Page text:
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) (

)( )
( ) ( Geriatric
.Paediatric physiotherapy


Cardiovascular and Pulmonary

. :
) (Cardiac rehabilitation

. Cystic fibrosis :
Fibrosis Bronchiectasis

) (
) (







) Cognitive
(rehabilitation .


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Mitra Qayoom, Physiotherapist, London, 04 June 2011

Physiotherapy is a healthcare profession which focuses on the physical treatment and management
of conditions in order to enable individuals to achieve their full potential and improve their quality of
life. Physiotherapists are autonomous practitioners who diagnose and treat people of all ages, from
newborn to the very oldest, who have medical conditions and other health related problems.
Physiotherapists examine each individual and develop a plan using treatment techniques to promote
the ability to move, reduce pain, restore function, and prevent disability and hospital re admissions.

Physiotherapy has many specialities including Neurology, Cardiopulmonary, Musculoskeletal,

Geriatrics, Paediatrics, and Orthopaedics. Physiotherapists also work in the community to deliver

health services and rehabilitation to people who cannot attend an outpatient appointment due to
reduced mobility, transport issues or other health related problems.

Areas of speciality
Cardiovascular and Pulmonary - This area deals with rehabilitating patients pre and post cardiac or
lung surgeries. Treatments include cardiac rehab (this is a programme consisting of exercises and
education sessions) post heart surgery to help increase endurance and functional independence.
Treatments for pulmonary patients include techniques such as manual therapy to assist in the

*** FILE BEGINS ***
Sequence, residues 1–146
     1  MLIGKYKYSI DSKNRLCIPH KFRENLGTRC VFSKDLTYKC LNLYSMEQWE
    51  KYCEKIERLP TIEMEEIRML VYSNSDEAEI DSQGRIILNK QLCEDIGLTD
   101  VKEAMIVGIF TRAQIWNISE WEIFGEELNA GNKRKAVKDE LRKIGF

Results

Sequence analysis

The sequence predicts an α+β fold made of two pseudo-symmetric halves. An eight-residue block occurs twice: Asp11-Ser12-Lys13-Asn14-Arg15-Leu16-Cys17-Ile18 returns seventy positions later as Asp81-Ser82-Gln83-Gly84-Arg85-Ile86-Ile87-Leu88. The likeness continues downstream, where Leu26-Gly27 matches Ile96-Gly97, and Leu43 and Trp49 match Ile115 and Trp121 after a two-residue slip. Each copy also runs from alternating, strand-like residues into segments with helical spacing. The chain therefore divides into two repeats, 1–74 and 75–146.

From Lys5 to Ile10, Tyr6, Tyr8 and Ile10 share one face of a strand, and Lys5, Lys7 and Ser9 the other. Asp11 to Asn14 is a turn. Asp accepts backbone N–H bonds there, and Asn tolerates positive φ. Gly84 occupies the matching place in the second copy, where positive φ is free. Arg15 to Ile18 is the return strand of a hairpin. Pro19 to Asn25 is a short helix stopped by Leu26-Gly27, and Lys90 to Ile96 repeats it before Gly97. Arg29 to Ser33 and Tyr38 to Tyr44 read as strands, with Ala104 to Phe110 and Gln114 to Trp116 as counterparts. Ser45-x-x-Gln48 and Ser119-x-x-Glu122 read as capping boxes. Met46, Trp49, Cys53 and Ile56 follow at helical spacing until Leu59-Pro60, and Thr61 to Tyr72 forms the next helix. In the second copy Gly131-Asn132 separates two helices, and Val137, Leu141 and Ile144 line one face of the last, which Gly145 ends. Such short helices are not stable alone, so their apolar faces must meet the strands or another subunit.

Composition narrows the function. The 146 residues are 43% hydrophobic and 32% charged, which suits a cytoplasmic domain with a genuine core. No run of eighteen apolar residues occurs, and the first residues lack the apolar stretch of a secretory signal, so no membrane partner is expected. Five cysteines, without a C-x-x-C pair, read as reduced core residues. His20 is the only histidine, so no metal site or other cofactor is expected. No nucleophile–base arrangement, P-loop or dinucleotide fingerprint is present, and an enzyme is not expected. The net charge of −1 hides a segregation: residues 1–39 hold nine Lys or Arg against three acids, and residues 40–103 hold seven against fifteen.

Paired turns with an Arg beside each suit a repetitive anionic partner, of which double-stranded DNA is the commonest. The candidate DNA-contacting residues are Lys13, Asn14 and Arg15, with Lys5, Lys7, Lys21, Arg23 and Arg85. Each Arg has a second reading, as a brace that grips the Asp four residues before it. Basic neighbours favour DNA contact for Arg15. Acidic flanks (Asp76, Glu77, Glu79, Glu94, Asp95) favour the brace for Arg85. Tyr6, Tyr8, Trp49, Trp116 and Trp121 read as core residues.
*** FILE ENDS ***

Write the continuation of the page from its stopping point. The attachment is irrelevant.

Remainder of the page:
clearance of lung secretions experienced by patients suffering from Cystic Fibrosis, Pulmonary
Fibrosis, Bronchiectasis and COPD. Those suffering form COPD are usually referred for pulmonary
rehabilitation (an intervention designed for patients with long term chronic respiratory conditions to
optimise their physical and social performance and autonomy) post discharge.
Neurology Physiotherapist focus on the management of neurologically impaired patients such as
those suffering from conditions like Stroke, Parkinsons disease, and spinal injuries. Treatments are
focused on teaching patients the correct walking pattern again (as this is impaired depending on
which area of the brain is injured), improving balance, increasing muscle strength, preventing
contractures and improving quality of life.
Orthopaedics Orthopaedic therapists are trained in the treatment of post-operative orthopaedic
procedures, fractures, acute sports injuries, arthritis, sprains, strains, back and neck pain, spinal
conditions and amputations. Treatment techniques include muscle re-education, joint and spine
manipulation, the use of hot/cold packs and the use of electrical modalities such as TENS.

Geriatrics Physiotherapist in this speciality are involved in the treatment and management of the
elderly. As we grow older our joints become more susceptible to developing conditions such as
arthritis and Osteoporosis, as a result of which our balance can be compromised and we become at
high risks for falls. Hip and joint replacements surgeries are often the most common procedures
performed to alleviate symptoms. Physiotherapists are involved in the treatments of these
conditions pre and post surgery to help enable the older population to lead life as independently
and efficiently as possible.
Paediatrics paediatric Physiotherapists assist in the early detection of health problems in the
paediatric population. They diagnose, treat and manage infants, children and adolescents with a
variety of congenital, developmental, neuromuscular, skeletal, or acquired diseases. Treatments
focus on improving balance and coordination, muscle strength, as well as cognitive and sensory
Sports Physiotherapists are involved in the care of athletes where focus is on management of
injuries, treatment and rehabilitation port sports injuries.